The Iraq war changed Massey. The brutality, the sheer carnage of the U.S. invasion, touched his conscience and transformed him forever. He was honorably discharged with full severance last Dec. 31 and is now back in his hometown, Waynsville, N.C.
- From"Atrocities in Iraq: 'I killed innocent people for our government"- By Paul Rockwell -- Special to The Sacramento Bee, May 16, 2004 (Excerpt)
Q: You mention machine guns. What can you tell me about cluster bombs, or depleted uranium?
A: Depleted uranium. I know what it does. It's basically like leaving plutonium rods around. I'm 32 years old. I have 80 percent of my lung capacity. I ache all the time. I don't feel like a healthy 32-year-old.
Q: Were you in the vicinity of depleted uranium?
A: Oh, yeah. It's everywhere. DU is everywhere on the battlefield. If you hit a tank, there's dust.
Q: Did you breath any dust?
Q: And if DU is affecting you or our troops, it's impacting Iraqi civilians.
A: Oh, yeah. They got a big wasteland problem.
Q: Do Marines have any precautions about dealing with DU?
A: Not that I know of. Well, if a tank gets hit, crews are detained for a little while to make sure there are no signs or symptoms. American tanks have depleted uranium on the sides, and the projectiles have DU in them. If an enemy vehicle gets hit, the area gets contaminated. Dead rounds are in the ground. The civilian populace is just now starting to learn about it. Hell, I didn't even know about DU until two years ago. You know how I found out about it? I read an article in Rolling Stone magazine. I just started inquiring about it, and I said "Holy s---!"
Broadcast Exclusive: U.S. Soldiers Contaminated With Depleted Uranium Speak Out
Monday, April 5th, 2004
A special investigation by Democracy Now! co-host Juan Gonzalez of the New York Daily News has found four of nine soldiers of the 442nd Military Police Company of the New York Army National Guard returning from Iraq tested positive for depleted uranium contamination. They are the first confirmed cases of inhaled depleted uranium exposure from the current Iraq conflict.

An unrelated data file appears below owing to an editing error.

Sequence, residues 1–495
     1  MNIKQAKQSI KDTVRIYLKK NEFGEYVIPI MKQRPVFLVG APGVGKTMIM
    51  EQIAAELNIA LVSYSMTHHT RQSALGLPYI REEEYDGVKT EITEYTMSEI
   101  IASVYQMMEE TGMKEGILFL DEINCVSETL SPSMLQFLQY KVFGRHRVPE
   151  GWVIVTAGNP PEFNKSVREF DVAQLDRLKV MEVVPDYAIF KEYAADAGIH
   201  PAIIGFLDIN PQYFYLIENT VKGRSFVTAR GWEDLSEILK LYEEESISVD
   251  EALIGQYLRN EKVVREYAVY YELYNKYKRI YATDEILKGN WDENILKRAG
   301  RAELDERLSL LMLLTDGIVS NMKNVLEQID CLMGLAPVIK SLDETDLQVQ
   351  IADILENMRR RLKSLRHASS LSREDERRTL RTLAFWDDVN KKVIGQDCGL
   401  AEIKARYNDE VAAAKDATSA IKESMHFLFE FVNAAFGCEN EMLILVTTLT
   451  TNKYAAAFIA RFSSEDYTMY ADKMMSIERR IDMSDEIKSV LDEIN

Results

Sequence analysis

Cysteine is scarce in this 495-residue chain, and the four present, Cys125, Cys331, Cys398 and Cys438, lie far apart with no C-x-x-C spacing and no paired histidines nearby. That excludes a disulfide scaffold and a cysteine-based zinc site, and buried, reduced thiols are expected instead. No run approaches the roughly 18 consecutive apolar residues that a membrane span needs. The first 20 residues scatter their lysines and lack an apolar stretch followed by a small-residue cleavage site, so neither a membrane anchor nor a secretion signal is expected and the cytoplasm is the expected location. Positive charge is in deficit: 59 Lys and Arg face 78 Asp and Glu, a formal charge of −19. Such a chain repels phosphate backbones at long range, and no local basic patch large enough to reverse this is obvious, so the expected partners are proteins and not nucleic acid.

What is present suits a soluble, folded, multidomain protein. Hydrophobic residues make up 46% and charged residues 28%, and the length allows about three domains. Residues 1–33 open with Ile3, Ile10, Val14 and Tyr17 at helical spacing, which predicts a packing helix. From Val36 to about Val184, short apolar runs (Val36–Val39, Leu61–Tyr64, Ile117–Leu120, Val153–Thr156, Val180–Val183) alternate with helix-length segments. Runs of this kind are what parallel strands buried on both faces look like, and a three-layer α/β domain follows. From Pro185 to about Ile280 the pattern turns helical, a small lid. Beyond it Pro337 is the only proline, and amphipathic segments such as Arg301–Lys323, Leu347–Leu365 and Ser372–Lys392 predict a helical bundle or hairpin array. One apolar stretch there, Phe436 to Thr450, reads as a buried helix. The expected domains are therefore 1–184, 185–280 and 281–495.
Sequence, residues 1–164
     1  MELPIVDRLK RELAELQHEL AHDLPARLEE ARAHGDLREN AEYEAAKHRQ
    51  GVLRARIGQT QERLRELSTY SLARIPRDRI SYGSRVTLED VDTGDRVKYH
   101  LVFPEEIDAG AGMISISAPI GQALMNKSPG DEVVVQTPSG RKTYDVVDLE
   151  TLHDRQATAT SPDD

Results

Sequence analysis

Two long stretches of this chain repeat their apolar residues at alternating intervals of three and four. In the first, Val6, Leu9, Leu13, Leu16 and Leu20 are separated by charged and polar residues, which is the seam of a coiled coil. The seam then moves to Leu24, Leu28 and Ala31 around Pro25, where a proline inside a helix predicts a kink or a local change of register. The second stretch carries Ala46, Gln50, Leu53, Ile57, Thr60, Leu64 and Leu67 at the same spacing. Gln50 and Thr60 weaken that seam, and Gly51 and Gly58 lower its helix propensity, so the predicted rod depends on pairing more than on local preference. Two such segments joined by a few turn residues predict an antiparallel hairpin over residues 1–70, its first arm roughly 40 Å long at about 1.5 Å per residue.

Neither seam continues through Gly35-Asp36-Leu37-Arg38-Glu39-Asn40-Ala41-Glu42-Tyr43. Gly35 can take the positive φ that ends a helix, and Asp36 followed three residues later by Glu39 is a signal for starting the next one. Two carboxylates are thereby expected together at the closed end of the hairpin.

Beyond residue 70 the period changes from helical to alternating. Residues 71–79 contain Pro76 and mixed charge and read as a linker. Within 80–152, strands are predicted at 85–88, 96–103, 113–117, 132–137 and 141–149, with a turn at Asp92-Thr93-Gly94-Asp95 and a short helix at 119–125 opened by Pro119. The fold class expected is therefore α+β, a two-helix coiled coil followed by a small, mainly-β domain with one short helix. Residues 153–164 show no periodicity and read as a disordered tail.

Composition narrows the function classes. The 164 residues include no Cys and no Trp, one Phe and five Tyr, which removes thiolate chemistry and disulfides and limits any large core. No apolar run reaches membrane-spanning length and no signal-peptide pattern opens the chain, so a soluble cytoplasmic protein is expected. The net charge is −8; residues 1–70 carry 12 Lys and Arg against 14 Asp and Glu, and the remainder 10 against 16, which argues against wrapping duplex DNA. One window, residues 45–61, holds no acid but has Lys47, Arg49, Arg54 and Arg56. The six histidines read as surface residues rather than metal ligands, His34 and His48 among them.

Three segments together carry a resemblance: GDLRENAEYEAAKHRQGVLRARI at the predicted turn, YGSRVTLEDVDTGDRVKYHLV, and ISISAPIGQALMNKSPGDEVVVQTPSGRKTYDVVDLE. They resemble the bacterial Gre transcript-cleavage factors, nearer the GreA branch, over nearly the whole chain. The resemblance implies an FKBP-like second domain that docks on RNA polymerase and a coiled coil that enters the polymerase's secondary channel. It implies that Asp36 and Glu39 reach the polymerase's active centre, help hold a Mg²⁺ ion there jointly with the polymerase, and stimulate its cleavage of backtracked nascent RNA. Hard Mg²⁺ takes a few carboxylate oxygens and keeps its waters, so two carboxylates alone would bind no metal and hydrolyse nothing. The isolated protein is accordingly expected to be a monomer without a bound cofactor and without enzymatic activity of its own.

After repeatedly being denied testing for depleted uranium from Army doctors, the soldiers contacted The News who paid to have them tested as part of their investigation.
Testing for uranium isotopes in 24 hours' worth of urine samples can cost as much as $1,000 each.
In a Democracy Now! broadcast exclusive, three of the contaminated soldiers speak out.
Army officials at Fort Dix and Walter Reed Army Medical Center are now rushing to test all returning members of the 442nd. More than a dozen members are back in the U.S. but the rest of the company, mostly comprised of New York City cops, firefighters and correction officers, is not due to return from Iraq until later this month.
After learning of The News' investigation, Sen. Hillary Clinton (D-NY) blasted Pentagon officials yesterday for not properly screening soldiers returning from Iraq.
Clinton, a member of the Senate Armed Services Committee, said she will write to Defense Secretary Donald Rumsfeld demanding answers and soon will introduce legislation to require health screenings for all returning troops.
Depleted Uranium is considered to be the most effective anti-tank weapon ever devised. It is made from nuclear waste left over from the making nuclear weapons and fuel. The public first became aware the US military was using DU weapons during the Persian Gulf War in 1991. But it had been used as far back as the 1973 Yom Kippur war in Israel.
Amid growing controversy in Europe and Japan, the European Parliament called last year for a moratorium on its use.
· Sgt. Herbert Reed,
assistant deputy warden at Rikers Island with 442nd military police
company of New York Army National Guard. He did not test positive
for depleted uranium, but has uranium 236, a uranium isotope not
found in nature.
· Sgt. Agustin Matos, was deployed in Iraq with the 442nd Military Police. He is among the first confirmed cases of inhaled depleted uranium exposure from the current Iraq conflict.
· Sgt. Hector Vega, among the first confirmed cases of inhaled depleted uranium exposure from the current Iraq conflict.
· Dr. Asaf Durakovic, colonel in army reserves who served in first Gulf War. He is one of the first doctors to discover unusual radiation levels in Gulf War veterans. He has since become a leading critic of the use of depleted uranium in warfare. He tested the nine men at the request of the Daily News.
· Leonard Dietz, retired physicist from Knolls Atomic Laboratory in upstate New York. Pioneered the technology to isolate uranium isotopes.
is the culmination of a two-year investigation by the filmmakers. It answers questions about the Persian Gulf War using documents never before seen on television and backed by interviews with Desert-Storm Commander General Norman Schwarzkopf, former Attorney General Ramsey Clark, former UN Iraq Program Director Dennis Halliday, former chief UN weapons inspector Scott Ritter and many others. "Hidden Wars of Desert Storm" looks at the origins of the Gulf War crisis and challenges the official Western "party-line" view of a spontaneous crusade for "Freedom & Democracy". The documentary exposes the White House and US State Department's hidden agenda in the Gulf as well as the Pentagon's use of radioactive ammunitions made of uranium 238.